We can't understate the seriousness of how the conflict has left some of our health workers isolated and vulnerable.  One of them reported to us:

"Around the village there is active fighting.  We're not allowed to travel and there are curfews in place.  We've been unable to harvest the remaining crops due to the fear of landmines.  I tried to visit other health workers near my home, but I was stopped three times and questioned by rebel groups, the army and the police.  They asked me; 'are you a spy?', 'why are you carrying medicines?', 'are you treating the rebels?'.

After being questioned for six hours I had to return home.  I was able to visit only four villages in June and July, since then I was sent back by the army. The internet connection was shutdown, so this is the first time that I am able to share what has happened."

Despite the ongoing challenging situation, our staff team have been able to conduct a number of outreach visits to remote villages, as well as running some mobile clinics in IDP camps where communities have had to flee their homes. Below is an extract from a trip report written by Dr Pahu, one of the project leaders:

It took us 24 days to travel through four areas and 13 villages. In some areas, the travel was so difficult and in some areas we were unable to travel because of the curfews.

We saw more than 700 patients, met with village administrators and Village Health Committees.  We were able to check on the activities of the Community Health Workers (CHWs) and TBAs. We were also able to undertake childhood screening for over 270 children in schools in some villages. The main medical conditions were gastritis, gynaecological problems for women, acute respiratory disorders, suspected anaemia and eye health. 

We were also able to carry out the baseline survey of the communities we are supporting. Together we carried out 96 interviews and also distributed many health education leaflets, helping to explain to the villagers how they can better take care of their own health needs.”

As a result of these outreach visits and surveys, we have also been able to assess the impact of previous years' work. For example, we found that almost 70% of the population assessed now know how to treat a child under 5 who is suffering with diarrhoea, which sadly is still a common cause of death for young children in the region. Simple post-natal practices such as breastfeeding within 1 hour of birth and exclusively breastfeeding up to 5 months, are also being adopted in order to improve the early chances of survival for newborns.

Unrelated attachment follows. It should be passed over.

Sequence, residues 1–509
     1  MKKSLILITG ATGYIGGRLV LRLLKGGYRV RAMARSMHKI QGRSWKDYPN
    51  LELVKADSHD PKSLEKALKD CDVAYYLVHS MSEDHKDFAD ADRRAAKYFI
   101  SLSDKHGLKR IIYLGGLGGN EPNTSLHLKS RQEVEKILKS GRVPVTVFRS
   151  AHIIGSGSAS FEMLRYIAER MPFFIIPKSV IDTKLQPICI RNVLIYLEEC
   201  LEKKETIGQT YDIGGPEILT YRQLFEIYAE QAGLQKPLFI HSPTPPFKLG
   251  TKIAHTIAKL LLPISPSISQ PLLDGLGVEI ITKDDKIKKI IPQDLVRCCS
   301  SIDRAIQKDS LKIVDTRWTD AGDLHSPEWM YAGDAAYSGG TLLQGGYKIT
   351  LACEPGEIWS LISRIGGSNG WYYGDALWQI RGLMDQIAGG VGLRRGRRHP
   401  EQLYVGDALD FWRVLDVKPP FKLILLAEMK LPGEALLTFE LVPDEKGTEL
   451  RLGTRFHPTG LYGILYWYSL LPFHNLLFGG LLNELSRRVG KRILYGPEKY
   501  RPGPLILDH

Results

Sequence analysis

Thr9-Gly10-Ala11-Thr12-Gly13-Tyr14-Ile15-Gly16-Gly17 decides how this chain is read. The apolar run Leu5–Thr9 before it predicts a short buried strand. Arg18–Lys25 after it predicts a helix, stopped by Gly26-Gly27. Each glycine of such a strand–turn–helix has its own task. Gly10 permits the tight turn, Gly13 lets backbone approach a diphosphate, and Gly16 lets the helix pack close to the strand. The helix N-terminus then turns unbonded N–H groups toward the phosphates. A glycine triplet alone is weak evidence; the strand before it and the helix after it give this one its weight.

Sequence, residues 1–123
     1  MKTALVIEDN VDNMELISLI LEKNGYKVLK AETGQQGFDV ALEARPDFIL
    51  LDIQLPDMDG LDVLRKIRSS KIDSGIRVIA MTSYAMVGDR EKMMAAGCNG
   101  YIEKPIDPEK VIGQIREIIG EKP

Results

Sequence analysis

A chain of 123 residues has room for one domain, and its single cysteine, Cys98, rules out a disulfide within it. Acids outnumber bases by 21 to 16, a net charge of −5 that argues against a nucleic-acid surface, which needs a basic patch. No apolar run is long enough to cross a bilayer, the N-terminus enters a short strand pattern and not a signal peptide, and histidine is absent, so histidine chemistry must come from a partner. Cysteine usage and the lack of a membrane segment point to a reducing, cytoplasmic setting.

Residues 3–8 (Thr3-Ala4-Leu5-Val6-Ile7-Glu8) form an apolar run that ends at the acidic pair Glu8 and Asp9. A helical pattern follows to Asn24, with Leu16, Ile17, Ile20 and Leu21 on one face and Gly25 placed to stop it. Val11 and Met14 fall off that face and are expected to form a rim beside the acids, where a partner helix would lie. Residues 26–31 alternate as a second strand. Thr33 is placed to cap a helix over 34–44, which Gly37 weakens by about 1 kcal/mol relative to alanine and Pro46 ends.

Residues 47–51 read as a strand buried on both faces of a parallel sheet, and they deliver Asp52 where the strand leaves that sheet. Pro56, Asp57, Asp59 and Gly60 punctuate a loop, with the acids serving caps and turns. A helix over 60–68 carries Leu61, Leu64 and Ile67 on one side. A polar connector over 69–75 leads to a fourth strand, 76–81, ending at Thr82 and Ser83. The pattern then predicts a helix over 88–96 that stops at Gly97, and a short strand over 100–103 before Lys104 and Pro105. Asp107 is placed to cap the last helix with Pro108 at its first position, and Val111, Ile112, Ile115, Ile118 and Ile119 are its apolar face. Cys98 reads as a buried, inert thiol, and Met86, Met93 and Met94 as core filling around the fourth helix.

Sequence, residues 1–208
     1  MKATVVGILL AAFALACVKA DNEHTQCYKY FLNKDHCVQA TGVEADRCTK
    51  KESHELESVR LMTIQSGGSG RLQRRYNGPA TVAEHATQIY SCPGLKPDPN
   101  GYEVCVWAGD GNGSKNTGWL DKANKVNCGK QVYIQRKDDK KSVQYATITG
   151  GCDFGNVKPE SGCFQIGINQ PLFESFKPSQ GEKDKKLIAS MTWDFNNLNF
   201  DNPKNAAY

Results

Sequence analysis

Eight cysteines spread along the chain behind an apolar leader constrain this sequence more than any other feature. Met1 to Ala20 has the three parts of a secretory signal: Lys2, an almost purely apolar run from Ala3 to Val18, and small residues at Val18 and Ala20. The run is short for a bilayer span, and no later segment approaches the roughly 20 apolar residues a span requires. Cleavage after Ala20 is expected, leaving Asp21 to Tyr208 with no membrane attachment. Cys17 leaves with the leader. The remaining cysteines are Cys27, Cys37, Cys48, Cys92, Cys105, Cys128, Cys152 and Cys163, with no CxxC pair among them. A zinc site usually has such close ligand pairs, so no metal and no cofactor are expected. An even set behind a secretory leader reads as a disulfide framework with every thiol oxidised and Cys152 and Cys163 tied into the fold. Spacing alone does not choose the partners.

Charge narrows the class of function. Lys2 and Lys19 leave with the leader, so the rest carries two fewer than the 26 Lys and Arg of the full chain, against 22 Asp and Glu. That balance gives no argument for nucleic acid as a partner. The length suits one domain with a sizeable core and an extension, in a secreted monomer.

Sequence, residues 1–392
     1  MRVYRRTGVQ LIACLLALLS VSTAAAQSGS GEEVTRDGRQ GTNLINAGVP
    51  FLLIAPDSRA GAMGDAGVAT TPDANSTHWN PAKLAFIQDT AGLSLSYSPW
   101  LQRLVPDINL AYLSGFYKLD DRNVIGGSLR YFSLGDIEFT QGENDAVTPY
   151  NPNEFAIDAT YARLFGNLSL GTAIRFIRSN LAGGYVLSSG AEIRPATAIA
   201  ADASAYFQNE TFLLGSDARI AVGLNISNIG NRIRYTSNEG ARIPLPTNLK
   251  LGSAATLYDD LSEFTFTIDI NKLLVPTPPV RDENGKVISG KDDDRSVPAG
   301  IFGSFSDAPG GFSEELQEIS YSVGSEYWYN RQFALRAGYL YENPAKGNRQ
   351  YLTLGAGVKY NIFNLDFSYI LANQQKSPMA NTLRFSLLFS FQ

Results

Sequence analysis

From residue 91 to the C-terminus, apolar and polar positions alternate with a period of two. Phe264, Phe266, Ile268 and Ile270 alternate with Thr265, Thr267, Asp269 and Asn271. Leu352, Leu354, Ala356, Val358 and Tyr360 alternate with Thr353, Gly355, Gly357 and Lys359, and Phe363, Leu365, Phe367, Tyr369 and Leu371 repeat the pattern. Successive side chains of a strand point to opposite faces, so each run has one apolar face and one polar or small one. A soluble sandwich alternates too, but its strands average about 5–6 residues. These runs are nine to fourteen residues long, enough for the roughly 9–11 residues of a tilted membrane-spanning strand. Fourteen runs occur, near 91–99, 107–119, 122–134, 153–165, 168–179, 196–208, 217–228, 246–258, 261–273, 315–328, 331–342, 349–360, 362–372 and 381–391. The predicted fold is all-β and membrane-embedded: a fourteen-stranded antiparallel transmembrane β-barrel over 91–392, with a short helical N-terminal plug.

The quote below is from one CHW, who has seen the direct results from their training:

"My name is Khai and I am from Tlopi village in Chin State.  I was chosen by my village to be trained as a health worker under Health and Hope and at the time I went to the India border to join six months training. Since I have returned home, many things have improved thanks to the health knowledge that was shared.  We have reduced the mortality rate of children under 10, and not one has died from diarrhoea thanks to the way we have been instructed to care for them.  Also, there have been a lot of snake bites in my village, and many people used to die.  However, I learnt some knowledge about managing snake bites from the health training and I shared this with my village.  I am so happy that I have been able to save two people’s lives thanks to the knowledge I learnt from training at Health and Hope.

Sometimes it is very difficult for us in the villages.  It is so remote we have not been able to participate in further training.  So it was an unexpected joy when the doctors from Health and Hope came to visit my village and offer clinics for patients and training. I know that resources are so limited and there are so many villages, but I was amazed and so thankful to them that they came. I really appreciate Health and Hope's love for us and all that they have sacrificed to help us. I pray that they will be able to return regularly to help us."

Although there is still plenty of work to be done, it is encouraging to see the positive impact of our work to date through the training and support of TBAs and CHWs in the region.

As the monsoon rains clear, the team in Lailenpi are starting to plan the next phase of training workshops for local TBAs and Area Co-ordinators who will be involved in bringing maternal and child health care to remote communities across the region. 

We are so grateful for your ongoing support. We currently have a real need to top-up funding for this project to enable two workshops to run over the course of the next six months.  If you are able to support our work financially, please do click below to give via Global Giving.

Thank you again for you interest in our work. Our next update will follow the journey of two midwives from the UK visiting the jungles of Myanmar, conducting training for the local women and also government midwives in the region. 

Mobile clinics
Mobile clinics
Childhood screening
Childhood screening
Inside the IDP camps
Inside the IDP camps
Transporting medicines to remote communities
Transporting medicines to remote communities
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Organization Information

Health and Hope UK

Location: Chorleywood - United Kingdom
Website:
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Twitter: @_healthandhope
Project Leader:
Chris Jones
Chorleywood, United Kingdom